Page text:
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Merry Christmas, dear NextPit community. These are difficult days.

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© NextPit / Shutterstock: Ilona Titova

Today is Christmas. Almost everywhere throughout the country, most homes should be in the final furlong of preparations for an evening of feasting and celebration. Tables are set and decorated, the Christmas tree is up and lighted, accompanied by amazing decorations. There is the smell of good food, cookies, and hot chocolate. Although it's freezing cold outside, it's cozy and warm inside. However, it begs the question: Is this really happening almost everywhere?

I was just reading through last year's Christmas article in preparation for this one. A year ago, I bemoaned the divisiveness of our societies, especially in the context of social media and the pandemic. We have unlearned the essence of "we", instead the "I" very often rules. Actually, from my point of view, last year's article has lost none of its relevance. When I think about Twitter, its new owner, and its peculiarities for just a second, any Christmas magic in me evaporates. However, this year is supposed to be about something different.

2022 - A completely new situation for all of us.

I recently got hold of an old magazine from December 2019 while cleaning up. At that time, NextPit was just very fresh, and I was somehow still struggling quite a bit with the insolvency of AndroidPIT in a rather personal manner. Then, being in the magazine store at the time, the cover of Der Spiegel magazine caught my eye. It was the final issue of the year and also the last issue of the decade. The cover featured a burlesque woman, there was gold and lots of other objects that were supposed to exude luxury, an upbeat mood, and positivity.

"The new 20s," Spiegel headlined, asking, "How golden will the coming decade be?" I remember how much I actually longed for good news back then. The insolvency had just been completed, and of the remaining colleagues, one person after the other was quitting every month. Somehow I was longing for a golden decade, some stability, and peace of mind.

Everything turned out differently and unfortunately, it was far from golden. I remember it as though it was yesterday. On a late Sunday evening in the cab on the way here to our NextPit office to watch the Superbowl with friends and colleagues, I heard for the very first time in February 2020 that the ominous virus from China could probably also make its way here to Europe. The rest is history: millions of people dead, many people living with permanent damage from long Covid, lockdowns, disrupted supply chains, divided societies, the list goes on....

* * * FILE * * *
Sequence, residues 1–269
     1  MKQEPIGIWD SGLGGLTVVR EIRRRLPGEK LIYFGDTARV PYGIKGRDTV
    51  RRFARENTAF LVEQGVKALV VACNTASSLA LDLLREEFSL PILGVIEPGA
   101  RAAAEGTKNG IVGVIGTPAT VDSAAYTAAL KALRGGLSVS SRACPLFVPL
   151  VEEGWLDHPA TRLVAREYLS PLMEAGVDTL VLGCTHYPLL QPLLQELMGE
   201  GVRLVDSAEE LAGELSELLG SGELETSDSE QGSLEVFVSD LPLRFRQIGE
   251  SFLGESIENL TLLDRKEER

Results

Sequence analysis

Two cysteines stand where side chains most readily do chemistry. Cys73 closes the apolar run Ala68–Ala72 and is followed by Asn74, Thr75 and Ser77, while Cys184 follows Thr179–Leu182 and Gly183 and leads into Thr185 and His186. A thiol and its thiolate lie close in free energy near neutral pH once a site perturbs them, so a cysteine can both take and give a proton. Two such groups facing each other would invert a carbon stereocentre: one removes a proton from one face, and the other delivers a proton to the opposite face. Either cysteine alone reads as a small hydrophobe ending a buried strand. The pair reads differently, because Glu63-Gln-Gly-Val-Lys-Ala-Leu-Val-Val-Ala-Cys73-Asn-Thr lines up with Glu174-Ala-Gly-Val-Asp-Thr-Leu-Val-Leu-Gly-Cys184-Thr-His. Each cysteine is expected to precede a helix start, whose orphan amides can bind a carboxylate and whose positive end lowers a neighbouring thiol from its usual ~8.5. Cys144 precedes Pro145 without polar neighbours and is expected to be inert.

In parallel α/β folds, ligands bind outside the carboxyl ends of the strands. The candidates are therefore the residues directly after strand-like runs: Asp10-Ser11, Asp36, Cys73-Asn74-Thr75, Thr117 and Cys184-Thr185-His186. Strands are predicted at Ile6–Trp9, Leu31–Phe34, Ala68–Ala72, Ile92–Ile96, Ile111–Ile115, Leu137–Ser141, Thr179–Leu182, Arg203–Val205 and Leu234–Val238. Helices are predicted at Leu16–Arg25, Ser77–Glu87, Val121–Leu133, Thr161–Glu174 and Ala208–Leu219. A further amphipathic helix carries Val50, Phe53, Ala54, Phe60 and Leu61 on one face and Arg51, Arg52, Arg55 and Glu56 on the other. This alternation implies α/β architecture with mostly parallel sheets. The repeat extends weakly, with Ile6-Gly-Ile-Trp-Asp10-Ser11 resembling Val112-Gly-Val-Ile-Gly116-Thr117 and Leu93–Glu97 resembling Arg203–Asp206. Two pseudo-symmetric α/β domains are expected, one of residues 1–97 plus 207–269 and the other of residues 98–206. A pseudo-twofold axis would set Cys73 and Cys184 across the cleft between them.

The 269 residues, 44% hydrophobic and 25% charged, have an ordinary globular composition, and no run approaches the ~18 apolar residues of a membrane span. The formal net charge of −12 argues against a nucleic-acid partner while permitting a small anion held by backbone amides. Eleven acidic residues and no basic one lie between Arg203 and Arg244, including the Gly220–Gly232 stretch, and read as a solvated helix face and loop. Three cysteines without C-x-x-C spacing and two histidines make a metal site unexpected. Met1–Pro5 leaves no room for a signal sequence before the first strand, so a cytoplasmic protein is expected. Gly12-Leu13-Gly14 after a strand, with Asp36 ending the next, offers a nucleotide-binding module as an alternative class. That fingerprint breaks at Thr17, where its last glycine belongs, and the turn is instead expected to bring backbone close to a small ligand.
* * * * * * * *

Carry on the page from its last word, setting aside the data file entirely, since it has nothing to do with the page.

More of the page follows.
How could things get any worse? That's easy, what if a commander decided to start a war in Europe and make the already difficult situation much worse for many?

Christmas: The festival of love! Unfortunately, not this year.

The pandemic in Europe is at least on the wane, but it will not make this a golden era. The pandemic was replaced by energy shortages, high inflation, fear of further escalation, blackouts, and cold homes.

The "we" comes to mind again. Shortly after the war broke out, I was at Berlin's main train station. Thousands of Ukrainian women, often with children, arrived. Most of them had no more than two or three bags, the children clipping a teddy bear under their arms. The looks in their eyes were depressing for me: Of course, there was also some relief that they were now safe. But you could also see the worries and the uncertainty on their faces.

To see these many people like this - driven out of their homes, without knowing how those who stayed behind are doing, without perhaps even knowing whether one can ever see them again or whether the village in which one has spent one's whole life before is still standing.

The war also directly affected us here in Central Europe. Russia virtually stopped its gas supplies to us altogether and wanted to pressure us. In many places, that worked out well. It is certainly a minority, but nevertheless: How often have I heard that it is not our war and therefore one does not want to freeze, or that the locations Germany, France, and Europe in general are in danger?

Who would like to freeze? As I write these lines, it is -7 degrees outside—and 21 degrees inside. Sure, prices for gas and electricity have skyrocketed like so many other things. This affected a lot of people in our country. They need to be helped, and urgently! It's not that my family and I are unaffected or burdened by it. But you can do a few things yourself so that the prices don't hit you with full force: Changing the thermostats in our home to smart controllers has led to a reduction in energy consumption of over 30% for us.

Yet at the same time, not far from here, a war is raging in which people have had their lives, their loved ones, the roofs over their heads, their jobs, and their prospects cruelly taken away.

But what these people have not lost is their courage, their hope, and their sense of cohesion.

I don't want to say now that we can copy these qualities. That would be dangerously presumptuous. However, I think we should still keep in mind that, despite all the problems, we are much better off than probably millions of Ukrainians are right now.

The entire NextPit team wishes you and your families a Merry Christmas, good luck, and health, and for all of us soon: peace! It doesn't have to be a golden decade, but a little peace and contentment would be a nice start.

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